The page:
• 2. may then take into consideration in its choice of learning ments significantly, but makes the algorithm sensitive to operation the coactor's response to that example. Although noise. IB3 stores all misclassified training instances, but Figure 1 depicts only two coacting learning algorithms, in maintains a classification record of correct vs. incorrect coactive learning there can be any number of coactors. predictions, discarding significantly poor predictors. IB3 is significantly more noise tolerant than IB1 and IB2 and, among the three algorithms, uses the least number of Training Training instances in its concept description. As a result, in noisy example example Correct domains IB3 significantly outperforms IB1 and IB2. classifications Current Performance Performance Current Coacting in Instance-Based Learning concept engine engine concept representation representation Examples Coactive Learning with Two IB2 Learners Predicted Predicted Learning classifi- classifi- Learning operation cation cation operation To illustrate the coactive learning approach consider two Learning IB2 algorithms (IB2-LA1 and IB2-LA2) coacting. IB2- Learning Example algorithm processing algorithm LA1 and IB2-LA2 are learning on different training LEARNER 1 information LEARNER 2 instances. Certain training instances are sent by IB2-LA1 to IB2-LA2. The training instances can be sent for two dis- Figure 1: Coactive learning framework tinct purposes. The first purpose is for IB2-LA1 to get a second ‘opinion’, i.e., to get feedback from IB2-LA2. This It should be noted that the learning algorithm of one coac- feedback is meant to aid IB2-LA1's learning. The second tor may send an example to its coactor just for the benefit purpose is for the edification of IB-2LA2, i.e., to send an of its coactor. Receiving critical examples may be of sig- interesting or critical example to aid IB2-LA2's learning. nificant use to a learning algorithm, especially if the coac- tor that sends them knows what kind of examples would Scheme Learner Storage pattern Obs. be of interest. Such examples may reduce the amount of training needed by an agent to achieve a certain level of 1 IB2-LA1 –NS –S GCI +NS +NS modif. performance or to guide its hypothesis development. A IB2-LA2 –S +NS –S +NS unmodif learning algorithm which is trained on examples sent from 2 IB2-LA1 –S PSI –S PSI +NS +NS unmodif a coacting learning algorithm as well as on its own exam- ples emulates a learning paradigm in which the learner is IB2-LA2 –S PSI +NS –S PSI +NS unmodif guided through examples supplied by an external teacher. Table 1: Some possible coaction schemes for two IB2 agents (+/– means correctly/incorrectly classified instance, S/NS Instance-Based Learning means stored/not stored instance, GCI means getting the classifying instance from the actor and storing it, PSI means pass the stored training instance) Instance-based learning (IBL) is an inductive learning model, that generates concept descriptions by storing spe- We consider first the interaction for feedback purposes. cific training instances (Aha, Kibler, and Albert 1991). When IB2-LA2 is asked to comment on a training instance This approach improves prior work on nearest neighbor provided by IB2-LA1, the most immediate type of classification (Cover and Hart 1967) which stores all train- response from IB-LA2 would be whether its current con- ing instances, and thereby has larger memory require- cept description correctly classified the training instance. ments, slow execution speed, and is sensitive to noise. If IB2-LA1 misclassified an instance and it knew that IB2- Aha, Kibler, and Albert (1991) present and compare three LA2 also misclassified it, the IB2-LA1 algorithm may algorithms for IBL: IB1, IB2 and IB3. A prediction about decide that the instance is likely to be noise and decide not a new instance results from the classification given by the store that instance. In addition to the classification predic- most similar k stored instances. The algorithms use a simi- tion made by a coactor, it might also prove of value to an larity function, such as the square root of the sum of the IB2 learning algorithm to know the most similar instance squared differences of the attribute values and which used by its coactor to make a correct classification predic- allows for nominal attributes and missing values. The tion. If IB2-LA1 misclassifies a training instance and the algorithms differ in their storage update strategies. IB1 coacting IB2-LA2 correctly classifies the same instance, simply stores all training instances. IB2 stores only mis- IB2-LA1 may wish to store the instance which IB2-LA2 classified training instances. This reduces storage require- used to make the correct prediction.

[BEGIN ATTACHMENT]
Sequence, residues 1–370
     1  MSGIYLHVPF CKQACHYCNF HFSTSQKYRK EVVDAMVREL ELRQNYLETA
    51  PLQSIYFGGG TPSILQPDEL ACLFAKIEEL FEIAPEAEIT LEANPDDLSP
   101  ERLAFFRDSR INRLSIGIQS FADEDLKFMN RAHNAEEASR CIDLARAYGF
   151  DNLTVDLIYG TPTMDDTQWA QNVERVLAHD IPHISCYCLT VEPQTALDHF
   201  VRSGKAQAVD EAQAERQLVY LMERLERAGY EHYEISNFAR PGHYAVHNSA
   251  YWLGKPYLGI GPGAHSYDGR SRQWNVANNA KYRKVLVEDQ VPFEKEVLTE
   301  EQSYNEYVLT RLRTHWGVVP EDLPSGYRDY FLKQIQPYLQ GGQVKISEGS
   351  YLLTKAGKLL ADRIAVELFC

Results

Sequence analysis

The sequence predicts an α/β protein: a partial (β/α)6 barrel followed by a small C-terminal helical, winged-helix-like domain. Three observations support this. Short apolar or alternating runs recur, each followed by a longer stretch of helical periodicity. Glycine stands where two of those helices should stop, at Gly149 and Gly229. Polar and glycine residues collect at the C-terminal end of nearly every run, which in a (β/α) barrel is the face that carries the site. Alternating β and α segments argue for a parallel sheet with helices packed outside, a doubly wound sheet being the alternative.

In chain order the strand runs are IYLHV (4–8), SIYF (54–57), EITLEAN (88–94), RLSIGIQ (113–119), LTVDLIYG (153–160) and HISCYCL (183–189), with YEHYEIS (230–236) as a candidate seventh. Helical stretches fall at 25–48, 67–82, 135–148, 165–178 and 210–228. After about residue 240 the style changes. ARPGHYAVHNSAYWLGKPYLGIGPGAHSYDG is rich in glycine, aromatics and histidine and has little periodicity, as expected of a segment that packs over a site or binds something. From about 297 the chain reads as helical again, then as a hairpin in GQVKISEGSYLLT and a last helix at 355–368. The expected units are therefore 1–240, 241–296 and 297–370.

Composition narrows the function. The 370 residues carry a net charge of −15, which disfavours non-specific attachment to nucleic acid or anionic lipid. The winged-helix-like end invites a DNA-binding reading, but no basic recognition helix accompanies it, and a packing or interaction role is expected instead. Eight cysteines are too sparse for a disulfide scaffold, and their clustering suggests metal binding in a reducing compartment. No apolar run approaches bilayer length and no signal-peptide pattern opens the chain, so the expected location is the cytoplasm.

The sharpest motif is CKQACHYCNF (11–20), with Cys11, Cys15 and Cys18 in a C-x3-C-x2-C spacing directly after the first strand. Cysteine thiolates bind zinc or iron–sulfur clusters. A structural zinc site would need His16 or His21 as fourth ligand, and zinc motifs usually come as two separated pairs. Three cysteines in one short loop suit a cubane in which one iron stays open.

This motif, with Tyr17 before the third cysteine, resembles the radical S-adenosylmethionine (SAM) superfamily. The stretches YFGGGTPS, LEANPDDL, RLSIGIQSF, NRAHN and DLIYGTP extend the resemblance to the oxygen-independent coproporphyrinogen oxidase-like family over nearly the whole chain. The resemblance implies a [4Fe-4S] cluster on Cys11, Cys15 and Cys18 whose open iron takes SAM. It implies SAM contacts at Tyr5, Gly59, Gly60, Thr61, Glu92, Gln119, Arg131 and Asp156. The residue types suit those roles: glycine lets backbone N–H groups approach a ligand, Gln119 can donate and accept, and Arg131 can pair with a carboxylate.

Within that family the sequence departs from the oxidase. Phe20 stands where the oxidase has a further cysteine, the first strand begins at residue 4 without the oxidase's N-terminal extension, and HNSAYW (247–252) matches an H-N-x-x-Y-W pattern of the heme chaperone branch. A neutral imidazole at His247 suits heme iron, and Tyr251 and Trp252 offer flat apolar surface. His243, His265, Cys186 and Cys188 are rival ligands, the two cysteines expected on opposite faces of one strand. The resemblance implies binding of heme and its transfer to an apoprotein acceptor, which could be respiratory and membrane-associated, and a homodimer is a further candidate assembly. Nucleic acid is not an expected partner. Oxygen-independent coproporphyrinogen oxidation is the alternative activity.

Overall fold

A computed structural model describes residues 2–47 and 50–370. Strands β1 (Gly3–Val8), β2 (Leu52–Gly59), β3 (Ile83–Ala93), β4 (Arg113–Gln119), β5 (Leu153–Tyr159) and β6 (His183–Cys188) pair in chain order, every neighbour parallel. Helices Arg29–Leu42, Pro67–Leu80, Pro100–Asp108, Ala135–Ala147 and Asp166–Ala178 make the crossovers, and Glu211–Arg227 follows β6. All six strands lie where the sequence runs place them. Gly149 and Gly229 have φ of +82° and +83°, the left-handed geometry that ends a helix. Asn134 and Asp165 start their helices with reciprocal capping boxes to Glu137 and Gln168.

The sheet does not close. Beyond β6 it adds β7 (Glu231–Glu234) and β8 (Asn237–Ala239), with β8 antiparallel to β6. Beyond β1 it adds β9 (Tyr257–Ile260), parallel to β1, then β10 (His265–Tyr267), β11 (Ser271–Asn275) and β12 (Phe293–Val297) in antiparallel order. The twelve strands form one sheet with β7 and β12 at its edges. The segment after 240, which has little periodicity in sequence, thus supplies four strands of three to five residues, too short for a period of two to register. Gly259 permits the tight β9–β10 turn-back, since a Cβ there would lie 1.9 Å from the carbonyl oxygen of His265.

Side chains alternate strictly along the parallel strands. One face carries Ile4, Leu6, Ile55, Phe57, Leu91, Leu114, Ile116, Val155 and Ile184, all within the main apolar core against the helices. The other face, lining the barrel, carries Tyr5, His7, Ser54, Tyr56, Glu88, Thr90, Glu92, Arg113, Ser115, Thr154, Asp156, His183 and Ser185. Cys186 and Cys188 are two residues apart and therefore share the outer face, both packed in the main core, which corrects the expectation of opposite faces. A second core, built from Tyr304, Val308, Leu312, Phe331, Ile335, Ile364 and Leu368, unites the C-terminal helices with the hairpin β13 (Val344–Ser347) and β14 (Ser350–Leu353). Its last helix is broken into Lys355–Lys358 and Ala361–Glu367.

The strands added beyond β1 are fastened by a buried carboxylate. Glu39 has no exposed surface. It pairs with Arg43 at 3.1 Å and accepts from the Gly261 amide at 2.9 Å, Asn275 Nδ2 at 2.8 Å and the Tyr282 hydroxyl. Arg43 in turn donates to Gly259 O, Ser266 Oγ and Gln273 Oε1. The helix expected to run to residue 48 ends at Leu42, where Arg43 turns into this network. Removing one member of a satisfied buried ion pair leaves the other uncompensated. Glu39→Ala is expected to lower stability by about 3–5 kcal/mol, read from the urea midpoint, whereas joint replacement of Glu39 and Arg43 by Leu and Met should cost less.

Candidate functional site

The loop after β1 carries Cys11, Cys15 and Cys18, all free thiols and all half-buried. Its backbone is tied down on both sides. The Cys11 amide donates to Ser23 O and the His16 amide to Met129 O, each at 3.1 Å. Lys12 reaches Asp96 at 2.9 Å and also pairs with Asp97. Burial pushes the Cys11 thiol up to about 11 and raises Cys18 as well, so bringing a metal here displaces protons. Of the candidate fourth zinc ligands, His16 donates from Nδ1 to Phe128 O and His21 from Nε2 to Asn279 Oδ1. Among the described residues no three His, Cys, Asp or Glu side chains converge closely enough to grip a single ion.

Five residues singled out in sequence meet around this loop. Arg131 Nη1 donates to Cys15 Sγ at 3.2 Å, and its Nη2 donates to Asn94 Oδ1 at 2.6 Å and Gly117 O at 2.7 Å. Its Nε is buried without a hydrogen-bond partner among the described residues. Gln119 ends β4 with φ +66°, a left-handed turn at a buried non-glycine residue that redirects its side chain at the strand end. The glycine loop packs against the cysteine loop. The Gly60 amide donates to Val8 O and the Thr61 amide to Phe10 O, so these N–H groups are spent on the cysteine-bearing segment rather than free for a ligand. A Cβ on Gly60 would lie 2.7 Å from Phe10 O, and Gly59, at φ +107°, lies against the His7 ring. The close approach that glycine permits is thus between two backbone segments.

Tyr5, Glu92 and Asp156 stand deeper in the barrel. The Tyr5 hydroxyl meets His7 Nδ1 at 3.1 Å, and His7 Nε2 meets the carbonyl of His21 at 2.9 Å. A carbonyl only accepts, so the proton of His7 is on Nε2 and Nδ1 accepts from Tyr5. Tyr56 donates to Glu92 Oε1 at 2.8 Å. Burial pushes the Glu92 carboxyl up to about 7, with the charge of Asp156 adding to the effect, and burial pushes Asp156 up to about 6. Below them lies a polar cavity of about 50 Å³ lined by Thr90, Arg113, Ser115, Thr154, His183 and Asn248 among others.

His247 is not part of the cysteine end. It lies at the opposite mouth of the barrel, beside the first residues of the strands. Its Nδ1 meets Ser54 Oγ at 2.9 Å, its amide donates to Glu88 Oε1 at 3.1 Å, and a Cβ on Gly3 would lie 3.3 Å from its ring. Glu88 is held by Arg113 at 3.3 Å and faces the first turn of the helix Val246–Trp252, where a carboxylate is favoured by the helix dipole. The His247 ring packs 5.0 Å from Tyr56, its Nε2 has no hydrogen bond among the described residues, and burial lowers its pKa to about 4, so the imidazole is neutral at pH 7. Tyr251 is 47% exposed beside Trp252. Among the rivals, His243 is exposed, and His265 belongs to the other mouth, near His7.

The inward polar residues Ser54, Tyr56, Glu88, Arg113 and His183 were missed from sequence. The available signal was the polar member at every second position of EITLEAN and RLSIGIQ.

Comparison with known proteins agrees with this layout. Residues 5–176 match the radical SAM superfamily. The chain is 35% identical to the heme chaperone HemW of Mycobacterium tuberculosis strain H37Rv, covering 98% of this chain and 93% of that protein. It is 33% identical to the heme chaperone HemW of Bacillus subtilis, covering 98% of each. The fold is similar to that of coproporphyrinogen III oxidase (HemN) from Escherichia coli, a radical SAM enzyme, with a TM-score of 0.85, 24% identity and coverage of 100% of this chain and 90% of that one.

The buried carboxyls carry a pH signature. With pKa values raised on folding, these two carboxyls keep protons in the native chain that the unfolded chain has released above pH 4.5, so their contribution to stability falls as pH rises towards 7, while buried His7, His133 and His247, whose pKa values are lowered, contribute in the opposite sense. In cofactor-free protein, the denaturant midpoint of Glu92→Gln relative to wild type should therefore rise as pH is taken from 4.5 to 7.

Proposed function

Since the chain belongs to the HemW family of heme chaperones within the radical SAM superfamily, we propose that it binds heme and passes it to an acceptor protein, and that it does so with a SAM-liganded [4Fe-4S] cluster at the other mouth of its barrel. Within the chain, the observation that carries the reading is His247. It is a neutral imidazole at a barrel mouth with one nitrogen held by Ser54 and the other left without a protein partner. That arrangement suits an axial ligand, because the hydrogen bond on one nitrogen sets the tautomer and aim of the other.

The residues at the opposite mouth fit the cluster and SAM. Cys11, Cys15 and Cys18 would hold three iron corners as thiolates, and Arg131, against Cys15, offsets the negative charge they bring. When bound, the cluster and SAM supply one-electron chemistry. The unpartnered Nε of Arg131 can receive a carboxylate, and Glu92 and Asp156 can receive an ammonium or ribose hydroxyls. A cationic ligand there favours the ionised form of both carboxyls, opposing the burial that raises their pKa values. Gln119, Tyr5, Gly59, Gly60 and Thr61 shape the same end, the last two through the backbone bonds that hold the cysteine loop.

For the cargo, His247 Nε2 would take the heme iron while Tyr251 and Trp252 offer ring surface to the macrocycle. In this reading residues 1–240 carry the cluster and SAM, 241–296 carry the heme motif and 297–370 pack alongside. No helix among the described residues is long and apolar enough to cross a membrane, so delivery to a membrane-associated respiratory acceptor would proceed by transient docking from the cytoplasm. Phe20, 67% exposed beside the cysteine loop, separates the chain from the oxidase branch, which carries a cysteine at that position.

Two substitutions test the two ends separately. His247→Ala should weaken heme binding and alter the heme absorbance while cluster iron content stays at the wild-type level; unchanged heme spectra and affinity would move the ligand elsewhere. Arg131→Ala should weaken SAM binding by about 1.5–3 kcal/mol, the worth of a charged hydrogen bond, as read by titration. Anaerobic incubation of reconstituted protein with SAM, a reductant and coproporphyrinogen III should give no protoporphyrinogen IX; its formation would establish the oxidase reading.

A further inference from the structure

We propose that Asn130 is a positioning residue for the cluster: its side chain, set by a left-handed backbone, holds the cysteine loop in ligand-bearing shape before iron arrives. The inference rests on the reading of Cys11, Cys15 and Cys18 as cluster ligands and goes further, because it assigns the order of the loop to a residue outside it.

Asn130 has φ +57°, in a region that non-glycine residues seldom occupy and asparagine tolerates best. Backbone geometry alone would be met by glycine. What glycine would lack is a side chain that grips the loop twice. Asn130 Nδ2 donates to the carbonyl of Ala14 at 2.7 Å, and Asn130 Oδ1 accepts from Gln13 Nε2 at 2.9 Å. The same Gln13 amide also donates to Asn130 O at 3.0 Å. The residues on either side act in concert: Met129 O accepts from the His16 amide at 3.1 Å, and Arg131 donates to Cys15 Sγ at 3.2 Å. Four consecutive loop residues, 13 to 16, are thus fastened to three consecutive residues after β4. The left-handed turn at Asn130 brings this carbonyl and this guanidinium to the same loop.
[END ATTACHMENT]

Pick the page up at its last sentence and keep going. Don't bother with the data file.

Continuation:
• 3. Table 1 presents two coacting schemes. In both schemes instances. These instances are equally divided among the the coactors are learning on different data. In scheme 1 coactors. For example, on the row with 400 training IB2-LA1 sends each of the training instances to IB2-LA2 instances, one IB2 algorithm learns on all 400 instances, for a second ‘opinion’, i.e. for feedback. IB2-LA2 is learn- two IB2 learners have 200 instances each, four IB2s have ing on its own data set using the unmodified IB2 algo- 100 each, and eight IB2s have only 50 each. rithm. Its purpose is to help IB2-LA1, where the learned model will ultimately reside. IB2-LA1 makes use of the Tr. information sent back from IB2-LA2; in particular, when inst. 1 IB2 alg. 2 IB2 alg. 4 IB2 alg. 8 IB2 alg. IB2-LA2 has also misclassified a training instance that IB2-LA1 misclassified, IB2-LA1 does not store the train- 30 84.40 (7.78) 85.29 (7.94) 84.59 (8.74) 82.16 (8.28) ing instance. If IB2-LA2 correctly classifies the training 40 86.31 (9.78) 86.17 (10.52) 85.26 (10.22) 84.74 (9.82) instance that IB2-LA1 has misclassified, it sends to IB2- 50 87.76 (11.10) 86.75 (11.24) 86.83 (11.48) 87.39 (12.40) LA1 the examplar which it has used for classification and 75 89.22 (13.92) 89.48 (14.00) 89.26 (14.02) 89.13 (14.58) IB2-LA1 stores that instance. 100 91.65 (15.34) 91.41 (16.04) 91.55 (16.36) 91.00 (16.86) Scheme 2 illustrates coacting interaction for the edifica- 200 93.77 (22.68) 94.17 (24.06) 94.12 (23.56) 93.78 (23.78) tion of a coactor. Both IB2-LA1 and IB2-LA2 use unmod- 300 95.19 (28.46) 94.97 (29.02) 94.84 (29.89) 94.67 (28.66) ified IB2 learning algorithms, and send any misclassified instances to their coactor. The coactor stores the passed 400 94.57 (33.74) 94.72 (34.74) 94.75 (35.26) 94.86 (35.40) training instances. In this case, all the coactors will eventu- 800 96.62 (47.52) 96.53 (48.76) 96.37 (48.78) 96.69 (50.10) ally develop the same learned model through integration of 1200 97.25 (61.14) 97.42 (60.86) 97.55 (60.94) 97.60 (64.38) the training instances received by each individual learner. 1600 97.83 (72.10) 97.85 (71.16) 97.87 (72.74) 97.97 (74.60) The schemes in Table 1 involve only two coactors, but 2000 98.02 (78.06) 98.16 (76.64) 98.10 (77.08) 98.16 (77.90) coactive learning can involve any number of coactors. In 2400 97.85 (85.20) 97.98 (83.02) 97.82 (84.16) 98.24 (86.58) the experiments carried out below the number of coactors 2800 98.17 (93.68) 98.2 (92.98) 98.24 (94.08) 98.22 (93.54) will vary. Scheme 2 will be used for the experiments deal- 3200 98.51 (105.2) 98.36(102.68) 98.29(103.02) 98.07(104.94) ing with scaling up through parallelization and those deal- ing with handling skewed distributions at the nodes of a 3600 98.37(110.16) 98.29(107.5) 98.36(107.18) 98.17(109.04) distributed database, while scheme 1 will demonstrate the 4000 98.37(119.04) 98.39(116.92) 98.38(116.4) 98.52(119.02) noise filtering capabilities of coactive learning. Table 2. Prediction accuracies of the independent IB2 algorithm and of 2, 4, and 8 coacting algorithms, using Coaction for Distributed or Parallelized Learning scheme 2 from Table 1 (numbers in parentheses represent the number of stored exemplars in the concept description) For the purpose of this discussion we will use an artificial test domain. The instances represent points with integer Except for the first two rows the prediction accuracies for coordinates lying inside a 100x100 square, subdivided into differing numbers of IB2 learners are virtually identical. four equal-sized subsquares. The prediction task consists The eight learners in the column at the right, although they of determining the subsquares to which the test instances learned individually on one-eighth of the data used by the belong. Experiments are averaged over 50 runs. For each single learner in the column at the left, achieved the same run a testing set had 200 instances, while the dimension of accuracy. This scheme allows to parallelize learning tasks the training set was varied up to 4000 instances. In each on large instance sets and to achieve a learning speed up run the total pool of instances was randomly separated into roughly proportional to the number of processors. The a training and testing set, and each set was randomly scheme is also useful in inherently distributed environ- ordered. The IB2 algorithms performed classification ments, with training data collected at different locations. based on the closest classifying instance (k = 1). Note that in any row the number of instances stored by the Table 2 presents results from experiments with multiple learners is virtually identical. Thus the number of IB2 learners using scheme 2 from Table 1. Each coactor is instances stored is independent of the size of the individual an unmodified IB2 algorithm learning independently on its training sets. The instances sent to a learner from its coac- own data. At the same time each learning algorithm sends tors reduce the number of misclassifications the learner each training instance which it misclassifies to all its coac- makes on its own dataset, and thus the number of instances tors for edification, and each coactor stores all instances stored from its own dataset. For example, one independent passed to it. Column 1 shows the total number of training IB2 learner training on 200 instances misclassifies and